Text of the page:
FEBS letters

Electron paramagnetic resonance evidence that cellular oxygen toxicity is caused by the generation of superoxide and hydroxyl free radicals.

PMID 2547649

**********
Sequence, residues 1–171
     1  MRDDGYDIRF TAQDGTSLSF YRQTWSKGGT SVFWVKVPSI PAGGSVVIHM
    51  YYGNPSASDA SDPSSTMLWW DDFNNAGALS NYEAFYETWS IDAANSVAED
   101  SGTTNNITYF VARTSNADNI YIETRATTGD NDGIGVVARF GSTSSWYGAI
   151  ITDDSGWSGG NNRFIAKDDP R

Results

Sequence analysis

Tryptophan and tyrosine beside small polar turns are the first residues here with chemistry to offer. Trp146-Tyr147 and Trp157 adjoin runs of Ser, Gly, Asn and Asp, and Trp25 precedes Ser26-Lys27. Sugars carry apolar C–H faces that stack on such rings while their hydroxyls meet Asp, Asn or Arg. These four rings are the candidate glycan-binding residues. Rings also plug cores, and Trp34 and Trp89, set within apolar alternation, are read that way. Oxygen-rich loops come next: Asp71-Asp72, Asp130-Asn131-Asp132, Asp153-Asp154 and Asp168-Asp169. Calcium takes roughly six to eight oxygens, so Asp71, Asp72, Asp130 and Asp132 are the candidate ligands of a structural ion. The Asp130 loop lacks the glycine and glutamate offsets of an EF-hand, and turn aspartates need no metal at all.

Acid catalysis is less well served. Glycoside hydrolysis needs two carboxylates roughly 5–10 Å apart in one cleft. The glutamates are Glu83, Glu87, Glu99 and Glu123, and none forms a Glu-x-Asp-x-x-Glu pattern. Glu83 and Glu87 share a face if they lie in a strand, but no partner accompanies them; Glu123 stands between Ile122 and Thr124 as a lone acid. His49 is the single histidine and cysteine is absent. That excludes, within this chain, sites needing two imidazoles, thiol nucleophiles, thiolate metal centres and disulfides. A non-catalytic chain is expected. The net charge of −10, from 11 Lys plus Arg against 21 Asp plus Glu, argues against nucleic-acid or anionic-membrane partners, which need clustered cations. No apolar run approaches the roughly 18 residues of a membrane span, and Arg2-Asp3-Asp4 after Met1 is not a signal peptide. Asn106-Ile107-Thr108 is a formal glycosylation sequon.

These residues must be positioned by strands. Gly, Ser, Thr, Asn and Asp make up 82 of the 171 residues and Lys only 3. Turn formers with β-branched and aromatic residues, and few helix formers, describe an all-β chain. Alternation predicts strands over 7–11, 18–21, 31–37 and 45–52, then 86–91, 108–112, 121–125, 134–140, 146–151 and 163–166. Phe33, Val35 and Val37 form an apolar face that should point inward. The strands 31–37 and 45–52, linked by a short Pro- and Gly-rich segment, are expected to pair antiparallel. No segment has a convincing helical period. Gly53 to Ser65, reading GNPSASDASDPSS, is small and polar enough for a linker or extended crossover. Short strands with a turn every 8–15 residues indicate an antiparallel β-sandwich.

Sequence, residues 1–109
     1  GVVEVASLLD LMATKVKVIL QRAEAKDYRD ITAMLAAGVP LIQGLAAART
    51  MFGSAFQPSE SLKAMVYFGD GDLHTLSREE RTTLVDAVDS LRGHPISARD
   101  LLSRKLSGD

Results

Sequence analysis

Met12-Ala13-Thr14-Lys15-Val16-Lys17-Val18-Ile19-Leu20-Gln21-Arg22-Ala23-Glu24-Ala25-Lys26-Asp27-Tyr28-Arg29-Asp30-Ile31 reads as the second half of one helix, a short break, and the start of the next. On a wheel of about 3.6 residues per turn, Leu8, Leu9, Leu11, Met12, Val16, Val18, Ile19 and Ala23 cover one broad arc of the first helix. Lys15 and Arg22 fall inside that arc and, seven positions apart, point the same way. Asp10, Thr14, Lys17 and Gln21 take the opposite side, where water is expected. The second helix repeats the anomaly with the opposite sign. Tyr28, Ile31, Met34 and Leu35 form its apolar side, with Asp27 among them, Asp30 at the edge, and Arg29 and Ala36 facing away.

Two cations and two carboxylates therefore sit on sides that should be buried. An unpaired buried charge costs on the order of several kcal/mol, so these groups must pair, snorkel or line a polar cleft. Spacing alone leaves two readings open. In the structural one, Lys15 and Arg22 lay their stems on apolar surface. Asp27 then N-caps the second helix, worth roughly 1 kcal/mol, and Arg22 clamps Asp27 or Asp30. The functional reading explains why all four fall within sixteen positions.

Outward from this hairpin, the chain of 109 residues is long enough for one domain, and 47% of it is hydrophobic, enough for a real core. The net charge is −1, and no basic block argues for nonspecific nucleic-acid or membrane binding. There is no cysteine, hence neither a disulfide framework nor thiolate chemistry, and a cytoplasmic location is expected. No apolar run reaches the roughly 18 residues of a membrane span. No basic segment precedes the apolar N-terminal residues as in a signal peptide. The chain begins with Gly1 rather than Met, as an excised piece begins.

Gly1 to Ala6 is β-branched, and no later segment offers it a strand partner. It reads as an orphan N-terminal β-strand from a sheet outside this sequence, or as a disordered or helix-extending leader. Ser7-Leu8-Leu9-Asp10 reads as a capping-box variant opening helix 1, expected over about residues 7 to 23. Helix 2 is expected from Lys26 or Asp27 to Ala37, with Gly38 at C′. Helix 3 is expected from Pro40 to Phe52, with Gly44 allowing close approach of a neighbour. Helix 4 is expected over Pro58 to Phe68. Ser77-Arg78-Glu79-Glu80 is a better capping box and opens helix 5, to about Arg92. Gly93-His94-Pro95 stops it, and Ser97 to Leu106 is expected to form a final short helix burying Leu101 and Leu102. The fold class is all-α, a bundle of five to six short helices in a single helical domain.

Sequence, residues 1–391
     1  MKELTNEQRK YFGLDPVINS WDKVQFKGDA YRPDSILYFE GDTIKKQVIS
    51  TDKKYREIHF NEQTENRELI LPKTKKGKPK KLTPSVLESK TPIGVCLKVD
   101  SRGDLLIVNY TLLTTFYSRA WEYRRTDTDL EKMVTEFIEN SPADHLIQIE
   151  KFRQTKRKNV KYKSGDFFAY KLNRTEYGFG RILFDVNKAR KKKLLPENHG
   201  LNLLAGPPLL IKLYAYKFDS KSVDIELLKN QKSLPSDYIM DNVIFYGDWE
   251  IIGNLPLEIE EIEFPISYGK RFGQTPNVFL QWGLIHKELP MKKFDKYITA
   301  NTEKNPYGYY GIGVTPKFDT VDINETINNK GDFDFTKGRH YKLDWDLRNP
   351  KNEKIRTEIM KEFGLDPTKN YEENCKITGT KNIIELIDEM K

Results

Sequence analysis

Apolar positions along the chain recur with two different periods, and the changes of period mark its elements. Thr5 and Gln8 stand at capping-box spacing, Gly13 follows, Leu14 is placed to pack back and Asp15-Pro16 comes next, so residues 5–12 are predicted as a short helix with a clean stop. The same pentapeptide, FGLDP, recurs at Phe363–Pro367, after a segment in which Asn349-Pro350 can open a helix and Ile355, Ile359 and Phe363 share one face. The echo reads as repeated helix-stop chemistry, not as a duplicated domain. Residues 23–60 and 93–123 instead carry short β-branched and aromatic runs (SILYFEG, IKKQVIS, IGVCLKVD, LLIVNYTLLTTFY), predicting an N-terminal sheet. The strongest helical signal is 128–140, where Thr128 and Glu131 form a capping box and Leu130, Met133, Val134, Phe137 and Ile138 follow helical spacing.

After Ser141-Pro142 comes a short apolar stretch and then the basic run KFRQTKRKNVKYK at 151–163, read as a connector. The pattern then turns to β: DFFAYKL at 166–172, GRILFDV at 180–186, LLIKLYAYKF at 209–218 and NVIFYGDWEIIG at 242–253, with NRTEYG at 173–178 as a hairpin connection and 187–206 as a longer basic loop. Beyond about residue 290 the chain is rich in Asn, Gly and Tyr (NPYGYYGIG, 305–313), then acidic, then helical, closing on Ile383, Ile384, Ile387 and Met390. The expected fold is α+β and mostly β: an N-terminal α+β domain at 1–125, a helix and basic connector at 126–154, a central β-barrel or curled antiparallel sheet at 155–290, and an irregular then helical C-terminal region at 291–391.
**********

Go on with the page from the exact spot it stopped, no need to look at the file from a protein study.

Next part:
Cells require molecular oxygen for the generation of energy through mitochondrial oxidative phosphorylation; however, high concentrations of oxygen are toxic and can cause cell death. A number of different mechanisms have been proposed to cause cellular oxygen toxicity. One hypothesis is that reactive oxygen free radicals may be generated; however free radical generation in hyperoxic cells has never been directly measured and the mechanism of this radical generation is unknown. In order to determine if cellular oxygen toxicity is free radical mediated, we applied electron paramagnetic resonance, EPR, spectroscopy using the spin trap 5,5'-dimethyl-1-pyrroline-N-oxide, DMPO, to measure free radical generation in hyperoxic pulmonary endothelial cells. Cells in air did not give rise to any detectable signal. However, cells exposed to 100% O2 for 30 min exhibited a prominent signal of trapped hydroxyl radical, DMPO-OH, while cell free buffer did not give rise to any detectable radical generation. This cellular radical generation was demonstrated to be derived from the superoxide radical since the observed signal was totally quenched by superoxide dismutase, but not by equal concentrations of the denatured enzyme. It was confirmed that the hydroxyl radical was generated since in the presence of ethanol the CH3 CH(OH) radical was formed. Loss of cell viability as measured by uptake of trypan blue dye was observed paralleling the measured free radical generation. Thus, superoxide and hydroxyl radicals are generated in hyperoxic pulmonary endothelial cells and this appears to be an important mechanism of cellular oxygen toxicity.